Scuba diving and snorkeling with manta rays (M. birostris, M. alfredi) at sites in Hawaii, USA, have become popular, with upward of 30 tour boats and 300 participants daily. This article examined whether conflicts are occurring within and between these activities and if so, what types of conflict are prevalent and how would participants respond (support restrictions, sanction others). Data from surveys of 444 participants following evening trips to view manta rays showed that 79% of snorkelers experienced in-group conflict with other snorkelers, and 53% of scuba divers reported conflict with other divers. Most conflicts were interpersonal (physical interactions among individuals interfering with experiences). Conflict behaviors included bumping into people (up to 92%), not being aware (up to 73%), and blinding people with underwater flashlights (up to 56%). There were fewer out-group conflicts between different activities (snorkelers vs. scuba divers) and minimal social values conflicts (negative preconceptions, no physical interactions among individuals). Participants supported limiting numbers of snorkelers, scuba divers, and boats, and providing education on how to behave with others. Those experiencing conflicts were more supportive of these strategies and more likely to directly sanction participants causing conflicts, but were not more likely to indirectly sanction managers and operators.
Research on enclosure has often examined the phenomenon as a process and outcome of state, neoliberal, and hybrid territorial practices with detrimental impacts for those affected. The proliferation of increasingly complex environmental governance regimes and new enclosures, such as those now seen in the oceans, challenge these readings, however. Using the case of U.S. marine spatial planning (MSP), this article reexamines enclosure through the lens of assemblage. A comprehensive new approach to oceans governance based on spatial data and collaborative decision making, MSP appears to follow past governance programs toward a broad-scale rationalization and enclosure of U.S. waters. Yet this appearance might only be superficial. As an assemblage, U.S. MSP—and its shifting actors, associations, and practices—holds the potential to both close and open the seas for oceans communities, environments, and other actors. Planning actors use three practices to stabilize U.S. MSP for governance and enclosure: narrativizing MSP, creating a geospatial framework to underlie planning, and engaging stakeholders. These practices, however, simultaneously provide opportunities for communities and environments to intervene in U.S. MSP toward alternative outcomes. Rather than a closed seas, U.S. MSP presents opportunities for enclosure to happen differently or not at all, producing alternative outcomes for coastal and oceans communities, environments, and governance.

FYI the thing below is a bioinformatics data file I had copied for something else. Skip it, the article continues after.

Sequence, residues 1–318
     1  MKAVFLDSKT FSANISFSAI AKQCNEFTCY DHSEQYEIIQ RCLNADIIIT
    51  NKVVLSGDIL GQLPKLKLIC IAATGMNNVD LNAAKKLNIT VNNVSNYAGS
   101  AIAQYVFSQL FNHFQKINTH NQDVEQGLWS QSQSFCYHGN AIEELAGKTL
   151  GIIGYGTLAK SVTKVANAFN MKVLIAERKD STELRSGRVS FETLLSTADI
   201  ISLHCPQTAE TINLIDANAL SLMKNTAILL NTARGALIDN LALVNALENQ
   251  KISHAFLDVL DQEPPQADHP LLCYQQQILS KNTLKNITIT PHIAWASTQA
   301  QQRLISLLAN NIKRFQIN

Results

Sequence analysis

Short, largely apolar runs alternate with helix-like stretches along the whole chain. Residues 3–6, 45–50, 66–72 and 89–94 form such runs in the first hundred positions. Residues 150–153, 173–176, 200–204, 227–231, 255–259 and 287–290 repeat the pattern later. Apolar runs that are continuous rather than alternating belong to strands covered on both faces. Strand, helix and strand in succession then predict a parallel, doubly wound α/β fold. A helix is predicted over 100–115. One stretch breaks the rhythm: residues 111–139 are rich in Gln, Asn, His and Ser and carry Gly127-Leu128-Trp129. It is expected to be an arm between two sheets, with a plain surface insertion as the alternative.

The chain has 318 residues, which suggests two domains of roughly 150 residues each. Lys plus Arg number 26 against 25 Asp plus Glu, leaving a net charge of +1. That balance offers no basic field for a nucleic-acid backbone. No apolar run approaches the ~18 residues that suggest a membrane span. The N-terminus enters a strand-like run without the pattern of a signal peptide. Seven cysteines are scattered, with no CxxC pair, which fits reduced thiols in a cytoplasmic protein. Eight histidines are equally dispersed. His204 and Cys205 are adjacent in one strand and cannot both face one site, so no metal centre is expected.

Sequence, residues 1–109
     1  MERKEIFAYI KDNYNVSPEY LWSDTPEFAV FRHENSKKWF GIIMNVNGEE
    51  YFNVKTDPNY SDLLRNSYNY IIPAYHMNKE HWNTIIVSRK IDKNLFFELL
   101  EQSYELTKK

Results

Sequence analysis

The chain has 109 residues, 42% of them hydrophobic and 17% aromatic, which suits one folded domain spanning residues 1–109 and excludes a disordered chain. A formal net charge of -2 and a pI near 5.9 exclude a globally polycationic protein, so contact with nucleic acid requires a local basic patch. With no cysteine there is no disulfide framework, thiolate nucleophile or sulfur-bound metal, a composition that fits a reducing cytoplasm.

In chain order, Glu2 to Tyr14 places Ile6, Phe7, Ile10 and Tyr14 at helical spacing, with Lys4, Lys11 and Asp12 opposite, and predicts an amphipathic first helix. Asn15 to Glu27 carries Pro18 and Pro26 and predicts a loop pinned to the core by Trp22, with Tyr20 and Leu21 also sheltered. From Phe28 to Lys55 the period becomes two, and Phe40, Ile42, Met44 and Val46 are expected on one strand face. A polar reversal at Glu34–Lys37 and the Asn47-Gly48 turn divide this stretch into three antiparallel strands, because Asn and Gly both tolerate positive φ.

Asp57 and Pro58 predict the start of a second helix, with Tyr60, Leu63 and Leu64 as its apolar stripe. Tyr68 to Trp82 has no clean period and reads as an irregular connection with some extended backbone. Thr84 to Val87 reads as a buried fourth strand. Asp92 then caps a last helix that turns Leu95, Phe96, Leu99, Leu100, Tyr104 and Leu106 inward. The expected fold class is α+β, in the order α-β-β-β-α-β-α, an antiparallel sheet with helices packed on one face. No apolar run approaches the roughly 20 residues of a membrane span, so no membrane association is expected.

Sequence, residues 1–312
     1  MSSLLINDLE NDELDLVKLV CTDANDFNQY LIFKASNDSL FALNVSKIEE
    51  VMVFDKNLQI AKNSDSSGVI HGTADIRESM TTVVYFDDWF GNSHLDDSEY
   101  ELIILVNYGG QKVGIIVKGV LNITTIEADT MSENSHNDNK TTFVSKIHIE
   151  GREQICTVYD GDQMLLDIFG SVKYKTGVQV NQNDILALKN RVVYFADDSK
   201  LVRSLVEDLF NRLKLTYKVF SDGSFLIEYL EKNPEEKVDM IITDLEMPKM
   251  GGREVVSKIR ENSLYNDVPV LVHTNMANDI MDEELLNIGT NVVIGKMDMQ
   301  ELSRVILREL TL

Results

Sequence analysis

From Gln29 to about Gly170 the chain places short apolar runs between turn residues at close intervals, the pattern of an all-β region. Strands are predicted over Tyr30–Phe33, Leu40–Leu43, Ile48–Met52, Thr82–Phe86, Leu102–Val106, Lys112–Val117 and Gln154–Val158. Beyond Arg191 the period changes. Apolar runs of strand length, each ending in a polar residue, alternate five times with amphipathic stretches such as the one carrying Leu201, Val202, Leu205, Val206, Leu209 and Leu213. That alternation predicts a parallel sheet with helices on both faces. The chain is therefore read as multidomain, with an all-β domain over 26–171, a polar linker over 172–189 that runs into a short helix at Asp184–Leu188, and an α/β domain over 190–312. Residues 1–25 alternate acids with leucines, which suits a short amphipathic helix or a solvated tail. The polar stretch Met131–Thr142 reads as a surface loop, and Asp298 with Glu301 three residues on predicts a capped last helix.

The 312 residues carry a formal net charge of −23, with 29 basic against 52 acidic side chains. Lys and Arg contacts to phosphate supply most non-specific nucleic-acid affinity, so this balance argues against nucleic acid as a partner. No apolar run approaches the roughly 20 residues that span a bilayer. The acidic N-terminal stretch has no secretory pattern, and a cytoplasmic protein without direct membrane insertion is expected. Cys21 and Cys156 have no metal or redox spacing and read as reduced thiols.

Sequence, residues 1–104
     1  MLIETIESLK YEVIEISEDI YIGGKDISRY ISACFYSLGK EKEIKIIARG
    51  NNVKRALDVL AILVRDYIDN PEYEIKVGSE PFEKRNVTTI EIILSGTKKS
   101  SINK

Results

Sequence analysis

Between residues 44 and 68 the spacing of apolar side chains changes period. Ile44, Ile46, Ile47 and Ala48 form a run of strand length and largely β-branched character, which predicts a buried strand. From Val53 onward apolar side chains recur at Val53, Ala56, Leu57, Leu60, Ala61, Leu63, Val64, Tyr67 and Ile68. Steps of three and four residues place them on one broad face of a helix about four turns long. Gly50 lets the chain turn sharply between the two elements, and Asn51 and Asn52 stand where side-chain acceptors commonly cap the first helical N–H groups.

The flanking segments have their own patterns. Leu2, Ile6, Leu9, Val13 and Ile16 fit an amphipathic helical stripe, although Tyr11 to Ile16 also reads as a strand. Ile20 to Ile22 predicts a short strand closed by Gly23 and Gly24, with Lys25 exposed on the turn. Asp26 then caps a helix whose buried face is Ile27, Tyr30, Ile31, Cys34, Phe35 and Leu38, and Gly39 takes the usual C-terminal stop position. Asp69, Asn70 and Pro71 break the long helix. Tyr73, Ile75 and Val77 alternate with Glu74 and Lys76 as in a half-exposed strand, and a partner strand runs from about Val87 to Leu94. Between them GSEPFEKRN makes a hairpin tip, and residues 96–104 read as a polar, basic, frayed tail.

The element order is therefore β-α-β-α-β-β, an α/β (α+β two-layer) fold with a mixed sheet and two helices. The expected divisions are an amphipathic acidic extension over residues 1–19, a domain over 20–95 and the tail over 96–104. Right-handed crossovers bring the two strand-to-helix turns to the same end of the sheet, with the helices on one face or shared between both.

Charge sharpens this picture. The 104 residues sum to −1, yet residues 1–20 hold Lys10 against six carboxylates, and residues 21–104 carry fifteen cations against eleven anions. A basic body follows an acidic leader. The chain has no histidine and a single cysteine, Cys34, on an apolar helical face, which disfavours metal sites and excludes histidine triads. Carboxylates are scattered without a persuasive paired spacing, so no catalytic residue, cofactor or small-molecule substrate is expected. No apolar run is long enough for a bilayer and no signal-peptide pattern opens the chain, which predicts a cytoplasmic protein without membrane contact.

The effect of various anthropogenic sources of noise (e.g. sonar, seismic surveys) on the behaviour of marine mammals is sometimes quantified as a dose–response relationship, where the probability of an animal behaviourally ‘responding’ (e.g. avoiding the source) increases with ‘dose’ (or received level of noise). To do this, however, requires a definition of a ‘significant’ response (avoidance), which can be difficult to quantify. There is also the potential that the animal ‘avoids’ not only the source of noise but also the vessel operating the source, complicating the relationship. The proximity of the source is an important variable to consider in the response, yet difficult to account for given that received level and proximity are highly correlated. This study used the behavioural response of humpback whales to noise from two different air gun arrays (20 and 140 cubic inch air gun array) to determine whether a dose–response relationship existed. To do this, a measure of avoidance of the source was developed, and the magnitude (rather than probability) of this response was tested against dose. The proximity to the source, and the vessel itself, was included within the one-analysis model. Humpback whales were more likely to avoid the air gun arrays (but not the controls) within 3 km of the source at levels over 140 re. 1 µPa2 s−1, meaning that both the proximity and the received level were important factors and the relationship between dose (received level) and response is not a simple one.